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Many mammals feed their young with milk – amphibians and other creatures, not so much.

Now, Brazilian biologists have discovered a species of amphibian feeding its offspring a milk-like secretion rich in nutrients, NPR reported.

In their study, they explained that the worm-like amphibian is a caecilian, an underground-dwelling creature descended from the same lineage as frogs and salamanders.

But unlike its relatives, it has a long segmented body without legs and functioning eyes – which makes them look a bit like earthworms with a head.

The research team was observing a particular species, Siphonops annulatus, when they came across their findings.

Mothers of this species give birth to wriggly babies, which later feed off the mother’s skin for nutrition. This process doesn’t bother the mother, but the team saw that at one point the entire brood would move to their parent’s tail.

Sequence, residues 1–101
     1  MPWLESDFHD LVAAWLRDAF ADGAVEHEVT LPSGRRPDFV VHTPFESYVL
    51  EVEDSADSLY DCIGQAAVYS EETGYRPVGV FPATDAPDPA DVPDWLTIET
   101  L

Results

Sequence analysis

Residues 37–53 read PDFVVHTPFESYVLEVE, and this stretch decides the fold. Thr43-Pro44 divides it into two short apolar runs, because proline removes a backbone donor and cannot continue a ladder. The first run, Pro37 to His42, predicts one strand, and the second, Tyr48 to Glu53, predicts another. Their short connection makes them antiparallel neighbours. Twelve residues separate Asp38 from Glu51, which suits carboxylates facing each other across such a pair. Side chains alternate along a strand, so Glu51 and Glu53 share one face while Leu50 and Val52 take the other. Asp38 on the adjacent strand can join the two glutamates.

That’s when they noticed a secretion coming from the tail, which they said resembled milk. Analysis of the substance showed it was rich in lipids and sugars – similar to mammalian milk.

Researcher Marvalee Wake of the University of California at Berkeley suggested that this species of caecilian evolved to deal with a problem human babies also face: The younglings are very vulnerable and can’t fend for themselves, so they need some mother’s milk to grow.

Wake, who was not part of the study, noted this is an example of convergent evolution, a process in which different species can evolve similar traits.

For lead author Marta Antoniazzi, the findings are a reminder of how different species can share commonalities to survive.

“Nature is very creative,” she said. “Sometimes it gives the same solution to different groups of animals.”

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